I flipped over the numbers on my Christmas countdown Wednesday and found myself flipping out as well.
Thirteen days to Christmas? Are you serious? I can't get everything done in 13 days!
I had my first rude awakening Monday night while talking to my son. He claimed he couldn't talk too loud because he was in the college library doing research for one of his final papers (Final paper? It couldn't be the end of the semester already!) and, oh, by the way, when I sent his care package, could I send it to his apartment instead of his college mailbox?
"Sure, no problem," I assured him - and then went into panic mode. Every semester we send a box filled with goodies, basically junk food, to help him cope with final exams. I thought final exams were weeks away.
So I did what any good mom would do - made a rush trip to the store on the way to work the next morning, boxed up the goodies Tuesday night and mailed the package, Priority mail, on the way to work Wednesday. By now, I'm sure half the food has been eaten.
I don't know what is wrong with me this year. In the past, I would decorate the house until it looked like Santa's home away from home. I looked around the other night at my paltry decorating this year and felt like the Grinch. Yes, the candles are in the window, the stocking are on the mantle - and no, they weren't hung with much care - and there's a wreath on the front door, although for the life of me I can't find the outdoor spotlight and timer.
The good news is I have next week off for vacation and plan to dedicate it to all things Christmas - shopping, decorating, wrapping presents (once I buy some), baking cookies and making other Christmas treats.
I have to make cookies for a cookie swap at the paper and I'm thinking of making one of my favorites - Snickerdoodles. I love the rich, cinnamon taste and the not-too-hard, not-too-soft texture. The recipe I use came from my aunt, Marion Duprey, and I've used it since I was a teenager.
Makes about 5 dozen
1 1/2 cups sugar
1/2 cup butter or margarine, softened
1/2 cup shortening
1/2 teaspoon vanilla
2 3/4 cups all-purpose or unbleached flour
2 teaspoons cream of tartar
1 teaspoon baking soda
1/4 teaspoon salt
1/4 cup sugar
2 teaspoons ground cinnamon
Heat oven to 400ºF.
Mix 1 1/2 cups sugar, the butter, shortening, vanilla and eggs in large bowl. Stir in flour, cream of tartar, baking soda and salt.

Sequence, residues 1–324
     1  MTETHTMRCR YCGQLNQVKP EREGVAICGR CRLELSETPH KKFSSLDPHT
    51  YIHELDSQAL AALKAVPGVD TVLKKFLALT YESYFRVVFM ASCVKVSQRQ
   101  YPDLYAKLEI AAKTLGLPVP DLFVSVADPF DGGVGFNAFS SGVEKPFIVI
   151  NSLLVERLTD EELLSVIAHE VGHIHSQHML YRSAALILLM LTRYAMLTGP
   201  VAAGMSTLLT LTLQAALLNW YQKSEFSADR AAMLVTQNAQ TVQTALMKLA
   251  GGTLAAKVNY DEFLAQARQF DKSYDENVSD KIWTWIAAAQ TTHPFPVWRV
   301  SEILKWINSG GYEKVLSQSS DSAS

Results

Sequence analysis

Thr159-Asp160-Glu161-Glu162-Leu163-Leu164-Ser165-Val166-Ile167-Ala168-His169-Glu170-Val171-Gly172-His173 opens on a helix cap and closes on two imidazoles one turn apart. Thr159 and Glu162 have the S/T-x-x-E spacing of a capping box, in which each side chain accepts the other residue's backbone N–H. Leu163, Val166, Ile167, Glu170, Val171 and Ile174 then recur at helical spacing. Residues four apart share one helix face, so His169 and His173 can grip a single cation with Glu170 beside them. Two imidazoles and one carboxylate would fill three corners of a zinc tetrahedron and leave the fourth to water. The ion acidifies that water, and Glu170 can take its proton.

Shape dough into balls the size of a walnut. Mix 1/4 cup sugar and the cinnamon. Roll balls in cinnamon-sugar mixture. Place 2 inches apart on ungreased cookie sheet.
Bake 8 to 10 minutes or until lightly brown but still soft. Remove from cookie sheet to wire rack.
I'm also sure Guy and David plan to make some Buckeye Balls, one of David's favorite holiday treats. This recipe comes from Guy's sister Gigi.
3 cups confectioner's sugar
1 cup creamy peanut butter
4 tablespoons (1/2 stick) butter, at room temperature
1 teaspoon vanilla extract
3 cups semi-sweet chocolate chips
Line a baking sheet with parchment or waxed paper. I
n the bowl of an electric mixer fitted with the paddle attachment, or using a handheld mixer, beat together the sugar, peanut butter, butter, and vanilla at medium speed. The dough should end up slightly crumbly.
Roll the dough into 1-inch balls. Place the balls on the prepared baking sheet. Place in the freezer and chill for 1 hour.
In the top of a double boiler, or in a bowl snugly on top of a pan with a few inches of simmering water, melt the chocolate chips, stirring until smooth.
Holding a ball by a toothpick and placing a fork under the ball to stabilize it, dip it into the hot chocolate, leaving a small hole of the peanut butter dough showing at the top of the ball as the "buckeye." Let the excess chocolate drip back into the pot.
Return the buckeye to the baking sheet. Repeat with the remaining balls.
Cover loosely with plastic wrap and refrigerate for at least 2 hours or overnight.
Margaret Button is the city editor of the North Adams Transcript. Send recipes for inclusion in future columns to the North Adams Transcript, 85 Main St., Suite 2, North Adams, Mass. 01247 or email them to firstname.lastname@example.org.